Definition of Equations

1. Noun. (plural of equation) ¹



¹ Source: wiktionary.com

Definition of Equations

1. equation [n] - See also: equation

Lexicographical Neighbors of Equations

equanimity
equanimous
equant
equants
equatability
equatable
equate
equated
equates
equating
equation
equation division
equational
equationally
equationlike
equations
equations of motion
equative
equatives
equator
equator bulbi oculi
equator lentis
equator of eyeball
equator of lens
equatorial
equatorial cleavage
equatorial current
equatorial division
equatorial guinea
equatorial plane

Literary usage of Equations

Below you will find example usage of this term as found in modern and/or classical literature:

1. Catalogue of Scientific Papers, 1800-1900: Subject Indexby Royal Society (Great Britain), Herbert McLeod by Royal Society (Great Britain), Herbert McLeod (1908)
"171 Equations, 3rd and 4th orders 171-172 Equation*, 4th order 172-173 Trinomial Equations 173-174 2440 Numerical solution of equations (including graphical ..."

2. A Treatise on Conic Sections: Containing an Account of Some of the Most by George Salmon (1904)
"Any two equations between the coordinates represent geometrically one or more, points. If the equations be both of the first degree (see Ex. 5, p. ..."

3. A Course in Mathematical Analysis by Édouard Goursat, Earle Raymond Hedrick (1917)
"Let us consider a system of q linear homogeneous equations in one unknown, ... The q equations (107) are said to be independent if there does not exist any ..."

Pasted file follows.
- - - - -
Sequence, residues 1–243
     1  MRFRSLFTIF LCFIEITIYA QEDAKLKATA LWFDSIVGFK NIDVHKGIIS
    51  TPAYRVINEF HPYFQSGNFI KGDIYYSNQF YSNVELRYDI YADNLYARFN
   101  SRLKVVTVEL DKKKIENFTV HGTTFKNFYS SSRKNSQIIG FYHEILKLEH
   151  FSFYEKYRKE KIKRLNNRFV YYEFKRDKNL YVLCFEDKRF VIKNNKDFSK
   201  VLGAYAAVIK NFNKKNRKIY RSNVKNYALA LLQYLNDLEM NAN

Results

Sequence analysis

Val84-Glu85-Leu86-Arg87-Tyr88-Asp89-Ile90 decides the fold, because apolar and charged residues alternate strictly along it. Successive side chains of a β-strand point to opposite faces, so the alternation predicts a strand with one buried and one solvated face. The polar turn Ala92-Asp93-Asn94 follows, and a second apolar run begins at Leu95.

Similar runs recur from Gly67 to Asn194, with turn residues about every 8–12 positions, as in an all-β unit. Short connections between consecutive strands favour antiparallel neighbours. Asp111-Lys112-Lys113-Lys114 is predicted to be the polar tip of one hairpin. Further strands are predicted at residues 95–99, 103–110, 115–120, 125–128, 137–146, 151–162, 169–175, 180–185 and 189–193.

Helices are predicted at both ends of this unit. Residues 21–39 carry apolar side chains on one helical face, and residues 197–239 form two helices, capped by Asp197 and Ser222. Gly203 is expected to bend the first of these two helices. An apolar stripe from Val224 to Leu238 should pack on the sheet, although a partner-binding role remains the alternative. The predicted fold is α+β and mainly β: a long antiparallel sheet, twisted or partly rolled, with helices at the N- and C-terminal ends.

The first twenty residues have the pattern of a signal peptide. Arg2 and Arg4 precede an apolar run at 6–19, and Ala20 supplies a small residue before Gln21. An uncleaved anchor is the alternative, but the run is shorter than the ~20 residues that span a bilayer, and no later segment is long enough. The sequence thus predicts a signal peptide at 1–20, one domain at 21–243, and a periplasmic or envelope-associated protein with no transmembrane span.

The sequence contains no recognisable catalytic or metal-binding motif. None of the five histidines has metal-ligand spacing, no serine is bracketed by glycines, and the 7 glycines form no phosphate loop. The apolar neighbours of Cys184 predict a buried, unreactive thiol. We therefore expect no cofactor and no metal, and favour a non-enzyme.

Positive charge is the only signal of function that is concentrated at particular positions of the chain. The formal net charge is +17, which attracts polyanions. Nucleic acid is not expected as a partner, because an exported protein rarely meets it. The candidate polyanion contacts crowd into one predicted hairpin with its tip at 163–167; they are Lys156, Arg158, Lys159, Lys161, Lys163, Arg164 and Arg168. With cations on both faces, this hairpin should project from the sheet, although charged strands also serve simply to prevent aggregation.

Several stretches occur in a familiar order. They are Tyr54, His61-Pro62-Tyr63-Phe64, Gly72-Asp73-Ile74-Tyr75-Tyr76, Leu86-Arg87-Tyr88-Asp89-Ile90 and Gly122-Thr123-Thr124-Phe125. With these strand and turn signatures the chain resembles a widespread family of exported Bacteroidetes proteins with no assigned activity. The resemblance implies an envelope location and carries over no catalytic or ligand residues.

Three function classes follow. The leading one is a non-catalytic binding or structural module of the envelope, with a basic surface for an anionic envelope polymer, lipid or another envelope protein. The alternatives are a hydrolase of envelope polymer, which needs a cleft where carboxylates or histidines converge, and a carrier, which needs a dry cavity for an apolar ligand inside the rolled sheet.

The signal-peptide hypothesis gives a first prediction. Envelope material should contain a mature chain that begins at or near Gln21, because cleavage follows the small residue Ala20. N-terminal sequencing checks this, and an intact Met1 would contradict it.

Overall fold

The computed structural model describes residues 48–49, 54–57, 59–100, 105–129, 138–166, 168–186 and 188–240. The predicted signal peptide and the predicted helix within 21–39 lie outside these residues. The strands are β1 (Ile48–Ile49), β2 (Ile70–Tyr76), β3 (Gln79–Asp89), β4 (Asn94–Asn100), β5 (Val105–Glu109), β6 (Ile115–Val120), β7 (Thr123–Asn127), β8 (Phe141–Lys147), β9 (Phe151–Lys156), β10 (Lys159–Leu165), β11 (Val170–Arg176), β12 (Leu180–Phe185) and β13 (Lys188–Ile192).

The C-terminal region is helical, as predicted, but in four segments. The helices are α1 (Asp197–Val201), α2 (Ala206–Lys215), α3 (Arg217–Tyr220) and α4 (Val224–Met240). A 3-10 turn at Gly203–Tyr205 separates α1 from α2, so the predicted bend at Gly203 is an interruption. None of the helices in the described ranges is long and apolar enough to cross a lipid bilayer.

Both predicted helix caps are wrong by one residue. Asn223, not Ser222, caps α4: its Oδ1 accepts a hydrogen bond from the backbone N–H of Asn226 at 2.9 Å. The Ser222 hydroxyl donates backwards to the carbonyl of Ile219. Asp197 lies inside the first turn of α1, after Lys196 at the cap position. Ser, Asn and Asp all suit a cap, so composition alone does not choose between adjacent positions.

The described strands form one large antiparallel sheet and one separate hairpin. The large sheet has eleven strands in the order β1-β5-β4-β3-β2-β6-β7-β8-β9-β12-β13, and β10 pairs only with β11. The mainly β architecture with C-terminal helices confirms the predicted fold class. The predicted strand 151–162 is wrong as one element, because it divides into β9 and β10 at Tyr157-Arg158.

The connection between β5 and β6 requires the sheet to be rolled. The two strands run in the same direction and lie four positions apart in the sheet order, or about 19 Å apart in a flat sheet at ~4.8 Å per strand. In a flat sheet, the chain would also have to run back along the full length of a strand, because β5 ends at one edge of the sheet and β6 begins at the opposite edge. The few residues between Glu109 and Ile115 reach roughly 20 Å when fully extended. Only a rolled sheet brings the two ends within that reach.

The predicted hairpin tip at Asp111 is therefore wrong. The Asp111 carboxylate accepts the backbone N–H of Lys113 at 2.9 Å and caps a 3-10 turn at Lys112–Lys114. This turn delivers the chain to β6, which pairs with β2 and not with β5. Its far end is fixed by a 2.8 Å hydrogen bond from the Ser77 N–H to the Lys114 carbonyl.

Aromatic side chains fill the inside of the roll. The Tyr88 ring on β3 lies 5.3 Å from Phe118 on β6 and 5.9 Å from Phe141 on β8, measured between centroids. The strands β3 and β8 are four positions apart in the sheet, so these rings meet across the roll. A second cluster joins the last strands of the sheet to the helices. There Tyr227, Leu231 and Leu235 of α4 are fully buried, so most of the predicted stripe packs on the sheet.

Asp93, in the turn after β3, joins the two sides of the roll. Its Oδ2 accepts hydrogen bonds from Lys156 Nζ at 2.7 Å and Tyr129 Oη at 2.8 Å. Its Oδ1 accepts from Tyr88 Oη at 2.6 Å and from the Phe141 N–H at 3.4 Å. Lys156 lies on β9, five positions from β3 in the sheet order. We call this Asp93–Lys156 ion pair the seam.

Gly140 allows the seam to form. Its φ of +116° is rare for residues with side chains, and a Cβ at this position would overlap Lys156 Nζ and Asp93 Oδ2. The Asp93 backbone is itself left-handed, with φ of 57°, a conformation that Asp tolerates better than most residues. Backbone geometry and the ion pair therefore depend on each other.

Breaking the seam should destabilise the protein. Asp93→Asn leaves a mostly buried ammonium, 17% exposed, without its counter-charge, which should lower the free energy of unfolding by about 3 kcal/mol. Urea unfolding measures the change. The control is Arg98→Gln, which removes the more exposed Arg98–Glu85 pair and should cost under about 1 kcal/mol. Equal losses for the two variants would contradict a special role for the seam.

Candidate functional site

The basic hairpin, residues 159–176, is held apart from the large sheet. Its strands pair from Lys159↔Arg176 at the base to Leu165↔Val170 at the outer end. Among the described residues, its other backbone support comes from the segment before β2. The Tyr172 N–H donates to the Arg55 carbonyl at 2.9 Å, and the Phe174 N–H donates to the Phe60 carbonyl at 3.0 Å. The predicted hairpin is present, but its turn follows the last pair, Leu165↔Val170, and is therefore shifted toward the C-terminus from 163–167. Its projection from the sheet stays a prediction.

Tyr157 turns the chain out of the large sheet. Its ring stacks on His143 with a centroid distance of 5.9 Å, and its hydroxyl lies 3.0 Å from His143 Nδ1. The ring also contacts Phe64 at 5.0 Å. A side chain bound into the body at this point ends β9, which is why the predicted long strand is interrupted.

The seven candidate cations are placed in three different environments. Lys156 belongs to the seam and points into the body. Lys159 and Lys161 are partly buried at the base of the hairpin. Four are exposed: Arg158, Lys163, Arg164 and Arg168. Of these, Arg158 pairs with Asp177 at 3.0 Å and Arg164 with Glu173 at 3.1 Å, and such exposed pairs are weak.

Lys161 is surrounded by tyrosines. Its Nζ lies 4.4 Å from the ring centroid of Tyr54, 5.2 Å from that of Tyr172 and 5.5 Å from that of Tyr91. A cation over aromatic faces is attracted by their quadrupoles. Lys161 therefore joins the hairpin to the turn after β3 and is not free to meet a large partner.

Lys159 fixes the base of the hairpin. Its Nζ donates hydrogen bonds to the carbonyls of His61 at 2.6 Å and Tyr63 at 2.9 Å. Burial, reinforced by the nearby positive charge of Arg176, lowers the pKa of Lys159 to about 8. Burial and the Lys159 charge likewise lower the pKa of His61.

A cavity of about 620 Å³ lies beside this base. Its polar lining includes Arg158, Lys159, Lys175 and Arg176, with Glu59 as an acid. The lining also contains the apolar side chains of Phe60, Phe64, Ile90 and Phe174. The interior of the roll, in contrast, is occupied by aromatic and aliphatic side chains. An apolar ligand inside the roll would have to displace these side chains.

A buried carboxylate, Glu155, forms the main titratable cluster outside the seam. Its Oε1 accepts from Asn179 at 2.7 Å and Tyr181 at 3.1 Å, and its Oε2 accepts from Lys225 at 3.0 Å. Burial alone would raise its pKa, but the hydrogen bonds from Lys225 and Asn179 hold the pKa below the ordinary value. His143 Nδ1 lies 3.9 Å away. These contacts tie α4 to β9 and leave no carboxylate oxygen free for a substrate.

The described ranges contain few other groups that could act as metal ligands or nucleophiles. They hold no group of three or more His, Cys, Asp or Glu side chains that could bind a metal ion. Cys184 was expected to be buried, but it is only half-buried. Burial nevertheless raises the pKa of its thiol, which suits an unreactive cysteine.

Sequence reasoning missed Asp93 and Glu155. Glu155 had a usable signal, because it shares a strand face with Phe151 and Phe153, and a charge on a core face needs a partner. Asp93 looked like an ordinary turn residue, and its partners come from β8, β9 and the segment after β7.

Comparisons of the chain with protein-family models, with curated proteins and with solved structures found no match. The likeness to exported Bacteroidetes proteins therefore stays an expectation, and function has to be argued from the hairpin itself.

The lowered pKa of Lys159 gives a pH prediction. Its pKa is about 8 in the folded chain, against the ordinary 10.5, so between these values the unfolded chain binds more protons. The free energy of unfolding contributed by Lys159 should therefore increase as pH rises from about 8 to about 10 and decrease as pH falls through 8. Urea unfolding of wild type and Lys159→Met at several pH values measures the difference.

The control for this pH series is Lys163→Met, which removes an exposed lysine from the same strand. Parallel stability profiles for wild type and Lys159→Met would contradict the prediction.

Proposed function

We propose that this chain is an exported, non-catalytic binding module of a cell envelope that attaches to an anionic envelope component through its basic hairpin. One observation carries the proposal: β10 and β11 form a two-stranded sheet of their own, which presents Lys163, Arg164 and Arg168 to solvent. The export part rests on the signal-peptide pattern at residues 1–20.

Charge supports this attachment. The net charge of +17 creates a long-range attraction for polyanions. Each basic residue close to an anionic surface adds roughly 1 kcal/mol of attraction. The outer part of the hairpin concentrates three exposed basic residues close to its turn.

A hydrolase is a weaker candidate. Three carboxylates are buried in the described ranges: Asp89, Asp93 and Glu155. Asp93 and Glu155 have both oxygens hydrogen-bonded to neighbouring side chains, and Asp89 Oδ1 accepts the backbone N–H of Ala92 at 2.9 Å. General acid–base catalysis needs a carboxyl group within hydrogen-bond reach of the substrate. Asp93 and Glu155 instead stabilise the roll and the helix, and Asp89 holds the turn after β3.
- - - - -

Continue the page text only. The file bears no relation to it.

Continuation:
4. The Encyclopedia Americana: A Library of Universal Knowledge (1918)
"Owing to relations between the roots and coefficients of any equation (see Equations, THEORY OF), the roots of the auxiliary cubic f+ - P 2 lo . ..."

5. The Positive Philosophy of Auguste Comte by Auguste Comte, Frederic Harrison (1896)
"Algebra is adequate to the solution of mathematical questions which are so simple that we can form directly the equations between the magnitudes considered, ..."

6. Higher Mathematics for Students of Chemistry and Physics: With Special by Joseph William Mellor (1902)
"Gauss' Method of Solving a Set of Linear Observation Equations. ... If only three equations had been given, we could easily calculate the corresponding ..."

7. Algebra: An Elementary Text-book, for the Higher Classes of Secondary by George Chrystal (1904)
"Equations of condition may occur in sets of one or of more than one. In the latter case we speak of the set as a set or system of simultaneous equations. ..."

8. Proceedings of the Royal Society of London by Royal Society (Great Britain) (1857)
"Memoir on the Symmetric Functions of the Roots of certain Systems of two Equations." By ARTHUR CAYLEY, Esq., FES Received December 18, 1856. (Abstract. ..."

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